(Ms Lyner) Thank you very much for the opportunity to be here today. It was not our intention to complicate matters either but, having looked at the evidence that you had received from other groups that you had been speaking to on this topic, we were aware that one of the things you were looking for was some element of statistical information and some focus on what was the quantity, the size of the problem. As you have correctly said, if we do not get to that in terms of the presentation, as we go through some of the discussion we will be able to flit backwards and forwards and make reference to some of the material we have attempted to prepare for you. To move on, it is important for us to explain a little bit about NIACRO itself, the organisation. At this stage we are working from the hand-out here. It is a voluntary organisation with a mission statement which focuses its work to achieve a just, humane and effective criminal justice system in an inclusive and peaceful society. We are an independent, non-profit making voluntary organisation, seeking to work as an agent of social change. I then identify for you the four main aims of the organisation: the care and resettlement of offenders; the prevention of crime; support for the families and dependants of serving prisoners; and to campaign for a just, humane and effective criminal justice system. In this area of work we are hitting at least two, if not three, of those aims in the care and resettlement of offenders, the prevention of crime itself and supporting some of those families who have to move. Against that it is important for you to understand that as an organisation we are working to a number of values and principles. I outline those for you there: justice, equality, care, trust and accountability, social responsibility, quality and non-violence. I suppose in any piece of work we would prove which are the most relevant values for the piece of work that we are doing. In this situation non-violence is obviously a key. We are on record as an organisation that does not see any place for violence in our society and, therefore, that would be the issue we would be flagging up first. Obviously we are also there to care for the individuals. We are driven by humanitarian principles. In terms of the service that we do deliver, we are attempting to deliver that to the best possible quality. Those would be the three values that we would see enshrined in this service.
  (Mr Conway) I want to address the problems of exclusion and a very, very brief overview. The problems of exclusions, punishment shootings and punishment beatings have been evidenced by the RUC since 1972. It has been a problem that has been endemic throughout the history of the last practically 30 years. I want to address the history and establishment of Base 2, which is a project within NIACRO. Base 2 was established in 1990 with the support of a variety of statutory, voluntary and community organisations. There was a perceived need that there were many young people, particularly those in the 16-25 age range, who were being affected by beatings, shootings and exclusions. Base 2 was set up in December 1990. It was funded from a trust source initially. The nature of the problem was such, I think, that statutory organisations at that time were not willing to deal directly with the issue in terms of offering possible solutions, so NIACRO, as a significant voluntary organisation in Northern Ireland, hosted the Base 2 project. In essence that is the history of how Base 2 started. We go on to the operational guidelines.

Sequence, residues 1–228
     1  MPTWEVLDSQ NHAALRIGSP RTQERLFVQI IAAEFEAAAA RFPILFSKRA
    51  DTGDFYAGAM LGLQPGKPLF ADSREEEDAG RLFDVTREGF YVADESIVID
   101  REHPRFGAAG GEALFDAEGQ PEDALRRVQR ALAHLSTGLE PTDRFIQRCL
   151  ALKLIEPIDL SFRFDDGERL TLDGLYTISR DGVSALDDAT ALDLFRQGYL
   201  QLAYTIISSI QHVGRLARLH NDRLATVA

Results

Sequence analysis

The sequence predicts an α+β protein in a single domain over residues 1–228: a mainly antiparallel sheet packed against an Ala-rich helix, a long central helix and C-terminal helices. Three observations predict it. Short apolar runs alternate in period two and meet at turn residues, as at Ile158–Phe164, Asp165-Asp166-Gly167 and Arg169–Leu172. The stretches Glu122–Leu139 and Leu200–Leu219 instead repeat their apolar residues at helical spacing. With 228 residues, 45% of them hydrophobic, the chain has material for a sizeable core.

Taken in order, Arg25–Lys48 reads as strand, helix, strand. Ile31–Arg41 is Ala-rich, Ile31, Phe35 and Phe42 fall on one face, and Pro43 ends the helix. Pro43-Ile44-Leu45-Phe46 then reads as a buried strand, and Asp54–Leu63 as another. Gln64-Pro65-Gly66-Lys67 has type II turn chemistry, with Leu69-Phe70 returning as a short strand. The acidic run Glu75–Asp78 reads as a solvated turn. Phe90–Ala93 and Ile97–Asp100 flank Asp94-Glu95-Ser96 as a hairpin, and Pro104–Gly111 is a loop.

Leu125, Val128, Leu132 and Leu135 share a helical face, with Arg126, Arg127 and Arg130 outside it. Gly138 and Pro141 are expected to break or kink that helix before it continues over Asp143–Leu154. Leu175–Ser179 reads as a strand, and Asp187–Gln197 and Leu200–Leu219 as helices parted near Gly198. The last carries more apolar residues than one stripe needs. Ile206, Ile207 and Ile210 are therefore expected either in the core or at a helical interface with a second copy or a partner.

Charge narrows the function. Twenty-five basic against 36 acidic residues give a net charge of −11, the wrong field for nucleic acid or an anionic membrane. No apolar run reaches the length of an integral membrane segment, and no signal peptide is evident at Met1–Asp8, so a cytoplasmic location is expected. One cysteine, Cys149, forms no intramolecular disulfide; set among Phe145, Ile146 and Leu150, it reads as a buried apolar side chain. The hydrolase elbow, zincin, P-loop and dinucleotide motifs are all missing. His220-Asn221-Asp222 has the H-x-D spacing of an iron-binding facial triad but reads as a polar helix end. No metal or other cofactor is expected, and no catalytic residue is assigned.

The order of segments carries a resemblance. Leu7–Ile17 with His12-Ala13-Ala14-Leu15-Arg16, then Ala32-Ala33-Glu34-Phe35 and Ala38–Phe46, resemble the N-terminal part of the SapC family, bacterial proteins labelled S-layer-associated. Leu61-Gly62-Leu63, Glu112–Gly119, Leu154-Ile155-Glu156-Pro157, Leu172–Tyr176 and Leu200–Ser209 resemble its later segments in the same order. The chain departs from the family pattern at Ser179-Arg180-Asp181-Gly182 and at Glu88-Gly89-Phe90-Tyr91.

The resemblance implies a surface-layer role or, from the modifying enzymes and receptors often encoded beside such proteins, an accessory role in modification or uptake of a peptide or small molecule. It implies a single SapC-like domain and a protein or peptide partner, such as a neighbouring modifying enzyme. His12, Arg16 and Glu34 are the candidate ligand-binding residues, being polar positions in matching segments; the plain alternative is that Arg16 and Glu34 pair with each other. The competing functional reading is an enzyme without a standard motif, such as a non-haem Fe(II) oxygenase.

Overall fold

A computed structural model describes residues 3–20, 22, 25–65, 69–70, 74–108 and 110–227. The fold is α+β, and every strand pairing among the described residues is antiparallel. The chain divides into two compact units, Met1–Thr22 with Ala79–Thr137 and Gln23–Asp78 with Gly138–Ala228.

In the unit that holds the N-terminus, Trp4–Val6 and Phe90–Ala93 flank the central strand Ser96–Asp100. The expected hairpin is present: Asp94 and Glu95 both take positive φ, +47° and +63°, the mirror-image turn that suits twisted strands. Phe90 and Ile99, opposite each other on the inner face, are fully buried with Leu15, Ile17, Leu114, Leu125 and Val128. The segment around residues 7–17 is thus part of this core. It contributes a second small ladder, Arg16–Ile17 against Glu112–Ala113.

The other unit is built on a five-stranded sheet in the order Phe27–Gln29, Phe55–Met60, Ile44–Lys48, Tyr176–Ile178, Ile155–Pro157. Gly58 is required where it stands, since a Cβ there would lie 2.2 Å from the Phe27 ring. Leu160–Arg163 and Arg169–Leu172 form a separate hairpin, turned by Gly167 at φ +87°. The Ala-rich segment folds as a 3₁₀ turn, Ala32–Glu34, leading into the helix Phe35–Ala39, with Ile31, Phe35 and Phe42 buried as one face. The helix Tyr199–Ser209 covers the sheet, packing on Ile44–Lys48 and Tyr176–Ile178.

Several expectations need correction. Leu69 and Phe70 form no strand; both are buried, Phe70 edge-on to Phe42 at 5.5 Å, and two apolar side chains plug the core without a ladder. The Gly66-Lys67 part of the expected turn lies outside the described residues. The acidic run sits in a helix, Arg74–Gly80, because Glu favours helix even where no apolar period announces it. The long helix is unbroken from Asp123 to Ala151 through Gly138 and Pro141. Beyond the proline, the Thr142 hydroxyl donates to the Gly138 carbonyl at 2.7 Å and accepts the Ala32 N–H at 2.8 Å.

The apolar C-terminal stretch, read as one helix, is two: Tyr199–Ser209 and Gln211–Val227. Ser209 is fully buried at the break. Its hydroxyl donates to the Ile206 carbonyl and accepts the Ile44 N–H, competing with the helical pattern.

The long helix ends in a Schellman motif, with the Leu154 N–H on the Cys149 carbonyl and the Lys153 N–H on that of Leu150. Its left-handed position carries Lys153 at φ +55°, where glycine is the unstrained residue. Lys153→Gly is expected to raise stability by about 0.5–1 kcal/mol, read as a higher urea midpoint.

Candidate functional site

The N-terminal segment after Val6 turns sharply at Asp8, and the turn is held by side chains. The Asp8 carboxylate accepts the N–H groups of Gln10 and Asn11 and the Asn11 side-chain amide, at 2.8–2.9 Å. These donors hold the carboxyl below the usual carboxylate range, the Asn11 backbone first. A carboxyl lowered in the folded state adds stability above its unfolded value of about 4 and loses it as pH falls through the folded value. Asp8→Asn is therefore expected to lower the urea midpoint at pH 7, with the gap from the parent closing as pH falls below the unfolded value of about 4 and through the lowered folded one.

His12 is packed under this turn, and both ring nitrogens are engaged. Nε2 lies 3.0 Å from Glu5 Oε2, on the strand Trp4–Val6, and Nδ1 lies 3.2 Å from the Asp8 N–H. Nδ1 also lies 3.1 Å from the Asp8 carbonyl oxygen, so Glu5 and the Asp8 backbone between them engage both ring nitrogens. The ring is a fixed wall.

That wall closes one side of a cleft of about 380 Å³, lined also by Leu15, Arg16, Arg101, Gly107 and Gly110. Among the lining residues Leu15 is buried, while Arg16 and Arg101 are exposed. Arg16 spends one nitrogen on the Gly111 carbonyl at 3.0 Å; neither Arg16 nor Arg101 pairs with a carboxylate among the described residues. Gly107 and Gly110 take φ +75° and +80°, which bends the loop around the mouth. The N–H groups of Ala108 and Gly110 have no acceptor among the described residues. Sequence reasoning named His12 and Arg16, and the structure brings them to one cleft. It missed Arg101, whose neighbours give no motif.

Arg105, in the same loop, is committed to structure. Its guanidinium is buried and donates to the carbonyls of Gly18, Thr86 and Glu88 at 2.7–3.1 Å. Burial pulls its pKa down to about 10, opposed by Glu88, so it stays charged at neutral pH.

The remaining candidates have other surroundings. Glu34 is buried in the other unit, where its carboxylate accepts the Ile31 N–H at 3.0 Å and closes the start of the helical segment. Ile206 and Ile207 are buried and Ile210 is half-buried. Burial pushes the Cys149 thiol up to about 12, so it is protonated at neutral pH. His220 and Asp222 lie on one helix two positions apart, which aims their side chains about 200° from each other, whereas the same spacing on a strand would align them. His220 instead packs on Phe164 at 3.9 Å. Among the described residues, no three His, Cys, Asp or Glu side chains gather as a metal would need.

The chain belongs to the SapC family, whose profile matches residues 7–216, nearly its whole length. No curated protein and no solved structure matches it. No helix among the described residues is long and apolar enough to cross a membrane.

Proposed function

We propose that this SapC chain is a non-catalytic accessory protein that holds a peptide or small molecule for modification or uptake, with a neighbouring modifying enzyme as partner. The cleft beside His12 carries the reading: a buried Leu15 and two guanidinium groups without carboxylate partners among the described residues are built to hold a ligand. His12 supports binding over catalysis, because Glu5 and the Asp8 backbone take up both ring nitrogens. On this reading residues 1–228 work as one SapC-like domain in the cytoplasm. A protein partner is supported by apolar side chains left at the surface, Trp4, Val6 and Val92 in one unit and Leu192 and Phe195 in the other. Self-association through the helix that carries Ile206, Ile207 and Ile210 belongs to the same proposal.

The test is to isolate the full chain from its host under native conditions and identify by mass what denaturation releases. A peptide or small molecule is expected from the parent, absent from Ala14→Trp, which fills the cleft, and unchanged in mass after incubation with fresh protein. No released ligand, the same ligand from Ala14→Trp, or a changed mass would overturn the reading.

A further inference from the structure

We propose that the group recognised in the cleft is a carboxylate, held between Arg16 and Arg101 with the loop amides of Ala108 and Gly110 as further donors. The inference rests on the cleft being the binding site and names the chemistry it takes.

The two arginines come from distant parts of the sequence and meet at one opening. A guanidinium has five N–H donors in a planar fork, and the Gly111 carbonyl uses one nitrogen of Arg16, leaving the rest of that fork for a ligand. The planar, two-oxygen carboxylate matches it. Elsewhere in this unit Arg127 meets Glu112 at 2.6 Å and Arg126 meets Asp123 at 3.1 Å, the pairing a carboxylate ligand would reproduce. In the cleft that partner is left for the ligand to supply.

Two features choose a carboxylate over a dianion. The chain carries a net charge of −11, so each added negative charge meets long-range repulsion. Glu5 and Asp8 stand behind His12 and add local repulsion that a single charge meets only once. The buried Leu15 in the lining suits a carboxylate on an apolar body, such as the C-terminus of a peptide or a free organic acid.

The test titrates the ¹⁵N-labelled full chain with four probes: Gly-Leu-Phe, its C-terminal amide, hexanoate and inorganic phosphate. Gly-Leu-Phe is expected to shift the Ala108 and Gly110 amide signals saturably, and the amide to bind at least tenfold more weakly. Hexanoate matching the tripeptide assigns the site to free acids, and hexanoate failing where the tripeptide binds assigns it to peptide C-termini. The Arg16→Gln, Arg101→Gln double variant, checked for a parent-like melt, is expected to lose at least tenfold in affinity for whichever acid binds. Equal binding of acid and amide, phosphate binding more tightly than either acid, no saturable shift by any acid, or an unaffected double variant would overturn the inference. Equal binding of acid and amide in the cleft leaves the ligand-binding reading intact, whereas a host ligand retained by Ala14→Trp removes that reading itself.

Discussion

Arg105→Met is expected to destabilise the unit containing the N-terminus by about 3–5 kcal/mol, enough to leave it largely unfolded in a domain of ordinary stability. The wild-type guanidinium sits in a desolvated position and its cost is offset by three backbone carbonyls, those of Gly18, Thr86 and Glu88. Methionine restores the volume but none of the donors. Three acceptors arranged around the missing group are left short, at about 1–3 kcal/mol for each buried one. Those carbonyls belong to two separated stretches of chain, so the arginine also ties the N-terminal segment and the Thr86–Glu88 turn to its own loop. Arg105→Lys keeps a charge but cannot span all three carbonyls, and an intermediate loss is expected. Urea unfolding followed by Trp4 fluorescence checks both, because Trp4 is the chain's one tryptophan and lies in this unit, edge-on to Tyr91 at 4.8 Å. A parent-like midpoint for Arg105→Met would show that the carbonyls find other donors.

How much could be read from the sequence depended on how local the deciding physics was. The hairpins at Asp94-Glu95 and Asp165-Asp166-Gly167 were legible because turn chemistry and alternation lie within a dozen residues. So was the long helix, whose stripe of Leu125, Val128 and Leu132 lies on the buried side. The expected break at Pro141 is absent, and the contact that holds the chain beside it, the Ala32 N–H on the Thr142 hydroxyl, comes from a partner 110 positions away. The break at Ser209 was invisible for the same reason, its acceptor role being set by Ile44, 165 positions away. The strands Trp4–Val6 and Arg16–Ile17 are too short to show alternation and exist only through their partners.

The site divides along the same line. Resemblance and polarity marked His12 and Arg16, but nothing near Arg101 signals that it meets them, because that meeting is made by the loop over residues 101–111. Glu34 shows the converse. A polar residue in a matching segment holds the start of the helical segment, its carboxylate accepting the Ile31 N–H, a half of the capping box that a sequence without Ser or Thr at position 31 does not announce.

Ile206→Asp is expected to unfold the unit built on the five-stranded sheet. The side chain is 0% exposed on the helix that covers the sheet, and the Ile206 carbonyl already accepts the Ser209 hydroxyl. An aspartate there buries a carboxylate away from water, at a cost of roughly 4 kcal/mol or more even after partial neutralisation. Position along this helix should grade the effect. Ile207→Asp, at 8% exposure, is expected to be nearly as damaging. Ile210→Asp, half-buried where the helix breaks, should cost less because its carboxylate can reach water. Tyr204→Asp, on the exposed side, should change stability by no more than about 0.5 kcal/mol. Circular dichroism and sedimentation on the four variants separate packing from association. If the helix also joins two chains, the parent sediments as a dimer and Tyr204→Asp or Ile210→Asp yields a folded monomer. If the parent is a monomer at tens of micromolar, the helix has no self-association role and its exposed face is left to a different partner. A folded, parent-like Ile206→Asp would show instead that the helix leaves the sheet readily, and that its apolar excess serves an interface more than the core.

143. You have got another minute but do not feel you need to.
  (Mr Conway) At the very beginning, because of the nature of the work and the clients we were dealing with, and also given the environmental and political culture at the time, it became evident very quickly that there was a need to establish very solid operational guidelines. These guidelines were rooted in principles of non-violence and human rights. There was to be undertaken a comprehensive risk assessment in each individual case. It was very clear that the project had to operate within the legal framework, that it could not operate outside of that. Key to the whole process was ensuring that the principle of confidentiality was adhered to, with the exception of danger to others, and that relates particularly to people who might have informed staff that they have committed crimes against children or young people. The service was to be non-judgmental. Maintenance in the community was a preferred option. There should be an acknowledgement and account taken of the negative effects of cultural dislocation. If somebody had to be excluded, if you like, the ideal response or host organisation, or host system, would be able to offer adequate finance to support the individual or the family's housing accommodation, advice being given in an ongoing way. Education, training and employment opportunities should be made available. There should be a welcoming social network and there should be maintenance of family or partnership ties. If you like, that is the essence of the ideal response to those who have to leave the jurisdiction of Northern Ireland.